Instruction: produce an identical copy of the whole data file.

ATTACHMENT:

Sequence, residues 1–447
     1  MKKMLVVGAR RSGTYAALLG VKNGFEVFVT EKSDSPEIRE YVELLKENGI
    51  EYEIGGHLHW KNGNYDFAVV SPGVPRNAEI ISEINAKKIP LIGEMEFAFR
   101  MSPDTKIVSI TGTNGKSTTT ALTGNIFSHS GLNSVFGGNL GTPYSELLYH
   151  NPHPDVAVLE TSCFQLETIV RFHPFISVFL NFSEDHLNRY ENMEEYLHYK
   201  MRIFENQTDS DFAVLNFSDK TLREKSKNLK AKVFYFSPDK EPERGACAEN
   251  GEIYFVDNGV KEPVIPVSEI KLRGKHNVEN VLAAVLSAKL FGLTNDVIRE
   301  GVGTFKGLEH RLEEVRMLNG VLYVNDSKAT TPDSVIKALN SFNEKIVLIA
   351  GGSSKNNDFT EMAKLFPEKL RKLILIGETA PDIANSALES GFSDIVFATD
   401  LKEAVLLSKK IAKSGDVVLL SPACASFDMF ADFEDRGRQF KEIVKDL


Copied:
Sequence, residues 1–447
     1  MKKMLVVGAR RSGTYAALLG VKNGFEVFVT EKSDSPEIRE YVELLKENGI
    51  EYEIGGHLHW KNGNYDFAVV SPGVPRNAEI ISEINAKKIP LIGEMEFAFR
   101  MSPDTKIVSI TGTNGKSTTT ALTGNIFSHS GLNSVFGGNL GTPYSELLYH
   151  NPHPDVAVLE TSCFQLETIV RFHPFISVFL NFSEDHLNRY ENMEEYLHYK
   201  MRIFENQTDS DFAVLNFSDK TLREKSKNLK AKVFYFSPDK EPERGACAEN
   251  GEIYFVDNGV KEPVIPVSEI KLRGKHNVEN VLAAVLSAKL FGLTNDVIRE
   301  GVGTFKGLEH RLEEVRMLNG VLYVNDSKAT TPDSVIKALN SFNEKIVLIA
   351  GGSSKNNDFT EMAKLFPEKL RKLILIGETA PDIANSALES GFSDIVFATD
   401  LKEAVLLSKK IAKSGDVVLL SPACASFDMF ADFEDRGRQF KEIVKDL